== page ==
I frequently need to screen resumes and lead interviews for my company. The majority of the candidates I meet are entry-level, and almost all have spent less time in the workforce than they did in college.
In a setting like this, it’s natural to think that academic performance would be viewed as being on par with work experience. But typically, GPA isn’t the “tell-all” factor when it comes to screening less experienced talent — personal skills, culture fit and ambition are often much more telling than what they got on their midterms.
However, asking a candidate about their grades can reveal one important character trait: how they present their successes — and failures.
In a nutshell, when I ask about GPA, I want to see who tries to lie.
If You Got It…
There’s certainly some selection bias in terms of who declines to report their grades. Stellar students with 3.9 grade point averages, tons of extracurriculars and accolades tend to advertise that fact, and why wouldn’t they?
But if a candidate is trying to avoid the topic in any way, whether around the actual number itself, access to their transcripts, or being upfront about their time in school in general — that’s a huge red flag for me.
If candidates aren’t transparent throughout the interview process, what will stop them from acting that way once they’re a part of your team?
Going Beyond The Resume
I’ve come to find the way a candidate talks about their time in school is much more telling than the grades themselves. After all, there are a number of factors that can contribute to why someone’s GPA ended up where it did.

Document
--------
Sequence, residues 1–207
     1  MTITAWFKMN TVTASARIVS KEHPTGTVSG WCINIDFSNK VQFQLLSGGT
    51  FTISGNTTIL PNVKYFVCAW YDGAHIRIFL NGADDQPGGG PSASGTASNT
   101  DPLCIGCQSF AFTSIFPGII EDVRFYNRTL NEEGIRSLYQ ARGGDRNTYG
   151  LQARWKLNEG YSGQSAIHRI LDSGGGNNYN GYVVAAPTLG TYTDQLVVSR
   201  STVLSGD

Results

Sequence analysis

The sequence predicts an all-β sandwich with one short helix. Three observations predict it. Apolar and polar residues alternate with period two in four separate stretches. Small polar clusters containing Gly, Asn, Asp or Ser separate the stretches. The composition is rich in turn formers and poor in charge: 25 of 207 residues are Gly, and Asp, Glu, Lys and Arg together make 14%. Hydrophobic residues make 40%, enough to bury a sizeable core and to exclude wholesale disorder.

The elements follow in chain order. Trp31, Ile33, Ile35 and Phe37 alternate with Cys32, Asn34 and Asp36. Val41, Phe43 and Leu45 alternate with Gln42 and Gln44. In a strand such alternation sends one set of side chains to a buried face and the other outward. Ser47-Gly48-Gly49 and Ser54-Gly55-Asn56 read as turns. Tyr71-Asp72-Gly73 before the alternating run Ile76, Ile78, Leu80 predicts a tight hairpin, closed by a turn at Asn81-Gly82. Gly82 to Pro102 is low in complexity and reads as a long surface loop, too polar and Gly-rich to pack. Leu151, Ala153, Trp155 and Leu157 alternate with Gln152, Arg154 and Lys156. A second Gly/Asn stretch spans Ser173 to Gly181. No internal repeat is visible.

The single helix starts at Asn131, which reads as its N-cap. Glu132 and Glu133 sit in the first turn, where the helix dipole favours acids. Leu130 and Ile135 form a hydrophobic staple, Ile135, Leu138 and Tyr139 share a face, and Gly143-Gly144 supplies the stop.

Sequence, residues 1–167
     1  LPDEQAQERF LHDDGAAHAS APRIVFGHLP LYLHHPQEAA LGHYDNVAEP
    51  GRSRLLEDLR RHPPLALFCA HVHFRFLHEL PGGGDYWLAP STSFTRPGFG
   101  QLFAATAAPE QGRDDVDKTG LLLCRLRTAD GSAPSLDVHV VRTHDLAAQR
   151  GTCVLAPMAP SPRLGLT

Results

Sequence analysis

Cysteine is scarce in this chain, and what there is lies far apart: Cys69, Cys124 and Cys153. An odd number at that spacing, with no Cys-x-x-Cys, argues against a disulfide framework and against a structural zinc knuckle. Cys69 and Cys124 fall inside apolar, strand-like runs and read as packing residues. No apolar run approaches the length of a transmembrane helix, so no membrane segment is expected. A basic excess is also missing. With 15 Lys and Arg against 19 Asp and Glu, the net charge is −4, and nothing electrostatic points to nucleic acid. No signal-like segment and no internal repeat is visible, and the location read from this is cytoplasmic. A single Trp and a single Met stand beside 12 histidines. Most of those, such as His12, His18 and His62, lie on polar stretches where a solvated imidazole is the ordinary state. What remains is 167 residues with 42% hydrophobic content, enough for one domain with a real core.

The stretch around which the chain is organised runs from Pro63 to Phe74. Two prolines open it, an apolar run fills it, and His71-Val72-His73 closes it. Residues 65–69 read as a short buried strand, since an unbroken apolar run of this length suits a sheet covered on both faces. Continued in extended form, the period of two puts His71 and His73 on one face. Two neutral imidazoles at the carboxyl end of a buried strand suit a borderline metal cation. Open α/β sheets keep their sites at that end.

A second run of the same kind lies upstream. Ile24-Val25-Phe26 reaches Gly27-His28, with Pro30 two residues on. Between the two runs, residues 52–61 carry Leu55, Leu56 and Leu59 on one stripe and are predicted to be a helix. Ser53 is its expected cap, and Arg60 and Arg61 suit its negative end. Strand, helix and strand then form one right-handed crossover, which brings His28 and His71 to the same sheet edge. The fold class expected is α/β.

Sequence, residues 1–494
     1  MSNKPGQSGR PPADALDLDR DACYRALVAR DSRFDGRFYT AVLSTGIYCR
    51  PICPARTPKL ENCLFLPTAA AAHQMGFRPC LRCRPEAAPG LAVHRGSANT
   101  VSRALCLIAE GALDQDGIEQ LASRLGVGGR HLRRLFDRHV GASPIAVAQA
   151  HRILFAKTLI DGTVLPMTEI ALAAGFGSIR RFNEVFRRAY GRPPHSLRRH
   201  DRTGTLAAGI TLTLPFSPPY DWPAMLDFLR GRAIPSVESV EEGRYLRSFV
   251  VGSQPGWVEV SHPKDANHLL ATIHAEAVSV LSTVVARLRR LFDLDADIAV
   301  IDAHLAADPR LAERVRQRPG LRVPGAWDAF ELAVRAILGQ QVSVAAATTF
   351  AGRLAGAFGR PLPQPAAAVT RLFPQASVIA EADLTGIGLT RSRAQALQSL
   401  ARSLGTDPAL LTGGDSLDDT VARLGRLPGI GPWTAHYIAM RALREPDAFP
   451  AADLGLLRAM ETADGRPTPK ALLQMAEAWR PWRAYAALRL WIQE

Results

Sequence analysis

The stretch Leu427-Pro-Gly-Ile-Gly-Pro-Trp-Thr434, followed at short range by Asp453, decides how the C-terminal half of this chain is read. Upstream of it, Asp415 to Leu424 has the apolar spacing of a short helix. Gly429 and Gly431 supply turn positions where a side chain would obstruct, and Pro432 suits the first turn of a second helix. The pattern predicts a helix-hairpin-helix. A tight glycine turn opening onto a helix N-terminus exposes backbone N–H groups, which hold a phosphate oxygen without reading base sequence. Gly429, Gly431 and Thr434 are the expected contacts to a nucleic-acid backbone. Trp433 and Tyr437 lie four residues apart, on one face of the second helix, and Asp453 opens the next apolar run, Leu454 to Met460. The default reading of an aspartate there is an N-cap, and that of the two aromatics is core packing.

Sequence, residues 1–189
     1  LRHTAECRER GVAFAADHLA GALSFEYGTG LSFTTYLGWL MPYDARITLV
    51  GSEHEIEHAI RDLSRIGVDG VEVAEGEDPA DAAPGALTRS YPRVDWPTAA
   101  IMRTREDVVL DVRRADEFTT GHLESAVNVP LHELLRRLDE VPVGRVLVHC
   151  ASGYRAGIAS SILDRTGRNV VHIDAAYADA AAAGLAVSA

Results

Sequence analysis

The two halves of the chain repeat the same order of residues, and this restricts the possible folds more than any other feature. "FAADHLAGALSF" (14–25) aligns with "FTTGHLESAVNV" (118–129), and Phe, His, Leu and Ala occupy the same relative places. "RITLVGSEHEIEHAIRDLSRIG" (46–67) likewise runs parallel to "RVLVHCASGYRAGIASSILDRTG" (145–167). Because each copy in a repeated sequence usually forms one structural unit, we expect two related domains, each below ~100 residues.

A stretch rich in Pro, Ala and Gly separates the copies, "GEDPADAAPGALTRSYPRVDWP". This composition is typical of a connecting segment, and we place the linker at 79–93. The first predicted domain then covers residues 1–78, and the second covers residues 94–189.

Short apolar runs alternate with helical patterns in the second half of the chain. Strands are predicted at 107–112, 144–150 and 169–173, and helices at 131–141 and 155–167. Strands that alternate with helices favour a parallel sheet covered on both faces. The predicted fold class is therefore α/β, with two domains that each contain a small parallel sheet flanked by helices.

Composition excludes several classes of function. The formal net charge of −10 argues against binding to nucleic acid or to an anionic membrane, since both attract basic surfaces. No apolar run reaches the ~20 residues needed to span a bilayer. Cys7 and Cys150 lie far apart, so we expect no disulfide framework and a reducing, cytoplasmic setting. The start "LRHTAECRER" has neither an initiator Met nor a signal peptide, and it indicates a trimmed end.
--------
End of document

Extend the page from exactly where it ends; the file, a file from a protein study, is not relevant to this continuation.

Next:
Maybe a candidate had a life event that impacted their ability to attend class, or they started off in a major they didn’t like, and switched gears later than they should have. Those are stories that can’t be told on a transcript, and can actually say more about a candidate’s work ethic, adaptability and cultural fit than just a number.
“Soft Skills” Over Hard Numbers
According to an article from Forbes, recruiters are shifting their focus on “soft skills” when it comes to evaluating Millennial candidates, valuing personal traits like attention and adaptability over a bachelor’s degree. Among those traits listed? Humility.
“Not taking yourself too seriously, admitting when you don’t know stuff and asking for help when you need it are some of the most advanced skills of all,” Caroline Beacon writes.
Which brings us back to our earlier point. Great grades or not, if a candidate is upfront about their shortcomings, it shows they’re willing to learn and grow — which is important when considering entry-level hires and their longevity within your organization.
On the flip side — remember that A+ student with the picture-perfect grades? Imagine they walk into your interview with unrealistic salary expectations and workplace demands, because, you know, they deserve it. Is that really the type of person someone you want at your company, anyway?
The Bottom Line
While a great GPA can be a good indicator to initiate a screening interview, numbers don’t always tell the whole story. That’s why going beyond the resume and opening up a line of communication early on in the screening process is key.
If a candidate can show you how they got to where they are, the interview process becomes much more immersive — ultimately helping you eliminate bias based off GPA alone, and allowing you to make more informed decisions when considering which candidates to send through to the next round.